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'A dire situation': Busy travel weekend spells trouble for Washington state ferries

The ferry system is down a boat or using smaller or slower crafts on almost every route due to an engine fire on the M/V Wenatchee in April.

SEATTLE — A cascade of problems could mean a tough holiday weekend for ferry travel. With the M/V Wenatchee out of service because of an engine fire during sea trials, the resulting shuffle means almost every ferry route is either down boats or using smaller or slower craft.

That could mean long wait times during peak hours, said Dara Warr with Washington State Ferries.

“It's a very challenging time right now, I would consider us in a dire situation,” he said. “It’s probably one of the worst we've seen in many, many years. We're operating with less boats than we ever have.”

Twenty-one boats comprise the Washington ferries system, the largest in the United States. But a decade without new craft has left them with thin operating margins, especially with a large Jumbo Mark II class ferry like the Wenatchee down for what will likely be months.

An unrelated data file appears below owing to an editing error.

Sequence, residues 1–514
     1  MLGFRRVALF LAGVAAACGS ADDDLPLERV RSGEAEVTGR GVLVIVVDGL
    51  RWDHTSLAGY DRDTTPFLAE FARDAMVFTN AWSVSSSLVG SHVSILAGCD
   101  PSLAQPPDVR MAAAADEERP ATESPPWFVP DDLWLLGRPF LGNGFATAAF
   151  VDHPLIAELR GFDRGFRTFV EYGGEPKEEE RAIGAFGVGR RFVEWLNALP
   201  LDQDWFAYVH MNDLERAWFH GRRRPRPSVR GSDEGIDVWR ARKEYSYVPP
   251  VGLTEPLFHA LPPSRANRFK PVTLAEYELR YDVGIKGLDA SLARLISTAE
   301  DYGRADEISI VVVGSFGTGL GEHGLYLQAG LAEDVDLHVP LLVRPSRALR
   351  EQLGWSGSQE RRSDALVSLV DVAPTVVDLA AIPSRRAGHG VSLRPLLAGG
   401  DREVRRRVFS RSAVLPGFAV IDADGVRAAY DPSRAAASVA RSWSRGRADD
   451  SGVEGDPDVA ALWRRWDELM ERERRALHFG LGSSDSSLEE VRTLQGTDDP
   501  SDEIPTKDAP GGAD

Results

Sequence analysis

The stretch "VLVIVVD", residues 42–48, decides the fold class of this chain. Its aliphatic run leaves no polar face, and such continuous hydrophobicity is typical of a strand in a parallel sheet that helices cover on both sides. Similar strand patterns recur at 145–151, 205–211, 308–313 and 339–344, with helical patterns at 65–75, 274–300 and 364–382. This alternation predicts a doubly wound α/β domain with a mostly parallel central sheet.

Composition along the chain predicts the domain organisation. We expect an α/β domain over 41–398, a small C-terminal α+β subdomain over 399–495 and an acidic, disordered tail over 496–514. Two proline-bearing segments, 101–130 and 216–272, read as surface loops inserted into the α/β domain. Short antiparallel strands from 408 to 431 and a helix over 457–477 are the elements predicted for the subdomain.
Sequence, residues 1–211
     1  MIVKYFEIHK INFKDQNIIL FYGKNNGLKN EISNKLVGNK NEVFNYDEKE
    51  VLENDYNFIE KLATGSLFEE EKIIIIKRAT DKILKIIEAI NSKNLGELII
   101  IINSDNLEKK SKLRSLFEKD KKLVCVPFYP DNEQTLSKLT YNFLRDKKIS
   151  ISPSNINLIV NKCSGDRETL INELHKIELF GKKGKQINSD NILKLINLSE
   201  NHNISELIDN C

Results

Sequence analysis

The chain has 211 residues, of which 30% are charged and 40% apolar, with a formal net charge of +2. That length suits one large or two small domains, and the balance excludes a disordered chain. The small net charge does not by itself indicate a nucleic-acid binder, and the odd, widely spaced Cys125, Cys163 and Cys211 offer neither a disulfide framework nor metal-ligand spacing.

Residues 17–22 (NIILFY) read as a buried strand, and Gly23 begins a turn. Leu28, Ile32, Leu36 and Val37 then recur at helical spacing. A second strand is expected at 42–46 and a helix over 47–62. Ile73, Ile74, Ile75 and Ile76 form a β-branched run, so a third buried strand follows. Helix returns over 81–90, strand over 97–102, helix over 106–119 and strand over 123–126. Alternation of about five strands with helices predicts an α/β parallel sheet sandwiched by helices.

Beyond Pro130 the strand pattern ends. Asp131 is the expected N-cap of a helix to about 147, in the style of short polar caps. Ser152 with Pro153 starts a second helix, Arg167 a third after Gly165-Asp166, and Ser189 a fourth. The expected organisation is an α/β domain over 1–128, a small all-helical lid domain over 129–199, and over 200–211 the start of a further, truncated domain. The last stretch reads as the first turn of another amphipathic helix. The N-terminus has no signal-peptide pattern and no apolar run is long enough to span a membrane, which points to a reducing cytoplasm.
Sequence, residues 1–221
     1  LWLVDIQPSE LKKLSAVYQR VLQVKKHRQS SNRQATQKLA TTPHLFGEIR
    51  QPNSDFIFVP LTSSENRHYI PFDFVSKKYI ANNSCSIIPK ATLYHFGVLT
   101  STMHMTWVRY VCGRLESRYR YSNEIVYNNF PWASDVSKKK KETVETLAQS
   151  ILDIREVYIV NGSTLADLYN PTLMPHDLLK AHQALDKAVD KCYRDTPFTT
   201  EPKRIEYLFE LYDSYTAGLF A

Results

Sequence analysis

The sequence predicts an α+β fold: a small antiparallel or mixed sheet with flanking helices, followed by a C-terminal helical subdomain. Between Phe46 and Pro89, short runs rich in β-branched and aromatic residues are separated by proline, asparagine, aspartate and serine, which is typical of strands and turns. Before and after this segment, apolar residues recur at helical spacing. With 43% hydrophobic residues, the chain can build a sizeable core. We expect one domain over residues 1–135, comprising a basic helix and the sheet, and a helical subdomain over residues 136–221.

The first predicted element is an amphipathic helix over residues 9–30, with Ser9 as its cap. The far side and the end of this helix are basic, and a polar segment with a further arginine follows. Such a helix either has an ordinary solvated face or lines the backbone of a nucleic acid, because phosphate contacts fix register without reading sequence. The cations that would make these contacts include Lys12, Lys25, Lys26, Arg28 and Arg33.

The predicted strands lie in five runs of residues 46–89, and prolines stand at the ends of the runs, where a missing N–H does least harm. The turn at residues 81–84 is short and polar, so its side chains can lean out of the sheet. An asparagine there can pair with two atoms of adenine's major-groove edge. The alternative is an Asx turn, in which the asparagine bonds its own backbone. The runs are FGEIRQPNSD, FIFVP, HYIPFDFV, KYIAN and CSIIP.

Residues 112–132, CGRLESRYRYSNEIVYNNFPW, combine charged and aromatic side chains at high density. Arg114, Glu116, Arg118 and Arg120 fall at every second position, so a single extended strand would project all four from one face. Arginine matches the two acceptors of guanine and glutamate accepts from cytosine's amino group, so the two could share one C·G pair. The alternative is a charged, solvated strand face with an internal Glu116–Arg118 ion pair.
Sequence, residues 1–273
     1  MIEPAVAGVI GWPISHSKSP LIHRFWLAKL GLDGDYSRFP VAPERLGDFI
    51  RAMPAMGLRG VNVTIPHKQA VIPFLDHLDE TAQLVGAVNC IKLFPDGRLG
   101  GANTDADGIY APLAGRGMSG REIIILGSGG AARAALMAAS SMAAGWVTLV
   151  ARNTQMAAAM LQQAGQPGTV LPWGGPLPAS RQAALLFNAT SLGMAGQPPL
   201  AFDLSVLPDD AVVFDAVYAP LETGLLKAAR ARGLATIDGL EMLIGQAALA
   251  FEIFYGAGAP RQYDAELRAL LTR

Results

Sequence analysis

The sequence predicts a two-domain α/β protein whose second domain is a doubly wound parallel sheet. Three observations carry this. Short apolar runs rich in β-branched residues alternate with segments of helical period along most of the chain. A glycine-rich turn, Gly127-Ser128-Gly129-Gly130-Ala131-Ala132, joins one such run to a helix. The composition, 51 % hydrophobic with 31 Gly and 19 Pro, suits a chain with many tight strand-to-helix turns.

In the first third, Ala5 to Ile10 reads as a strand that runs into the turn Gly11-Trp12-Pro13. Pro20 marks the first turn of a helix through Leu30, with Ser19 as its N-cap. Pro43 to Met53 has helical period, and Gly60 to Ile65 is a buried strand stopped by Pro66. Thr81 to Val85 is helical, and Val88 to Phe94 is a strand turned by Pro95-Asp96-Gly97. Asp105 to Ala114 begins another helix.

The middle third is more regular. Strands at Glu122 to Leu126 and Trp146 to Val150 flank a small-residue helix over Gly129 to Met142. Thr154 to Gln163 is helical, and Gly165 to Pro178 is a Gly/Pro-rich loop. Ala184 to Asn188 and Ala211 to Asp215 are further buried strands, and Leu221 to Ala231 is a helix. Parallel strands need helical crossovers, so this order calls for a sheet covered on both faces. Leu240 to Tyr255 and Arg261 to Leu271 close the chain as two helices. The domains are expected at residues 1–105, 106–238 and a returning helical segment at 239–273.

RELATED: 3 agencies investigating after Washington ferry engine fire

Officials say other factors are exacerbating this issue too – an aging and retiring workforce, slowed replacement training during social distancing measures and employees out for either potential COVID-19 cases or vaccination appointments and side effects.

Finally – this is the first holiday travel weekend with relaxed coronavirus restrictions, which could lead to a surge of people visiting friends and family under new CDC guidelines.

Mark Joy, who lives on Vashon Island, has noticed the slowdown in his commute. He spoke to KING 5 waiting in line to catch a ride home Thursday. The Fauntleroy-Vashon-Southworth route usually operates with three craft and is currently down to two.

“Anytime it’s down to two, that’s an inconvenience,” he said. “Even just this morning driving in to work, the boat was 15 minutes late. I’m used to it, expect it at this point.”

Other routes impacted include the bustling Bainbridge-Seattle run, which is operating with smaller craft. Though the San Juans are still running four boats, they offer a smaller capacity, Warr said.

Warr said wait times could get long this weekend, so he recommends avoiding peak times – westbound Friday afternoon and evening, and eastbound at the end of the long weekend.

Faced with that, Joy said he’d reconsider a planned dinner with friends in West Seattle on Friday night.

“I think we’ll just try to walk on and take an Uber to avoid the traffic,” he said.

Big upgrades are planned for the ferry system over the next 20 years – 13 boats to be retired and replaced and three additional craft to expand the system.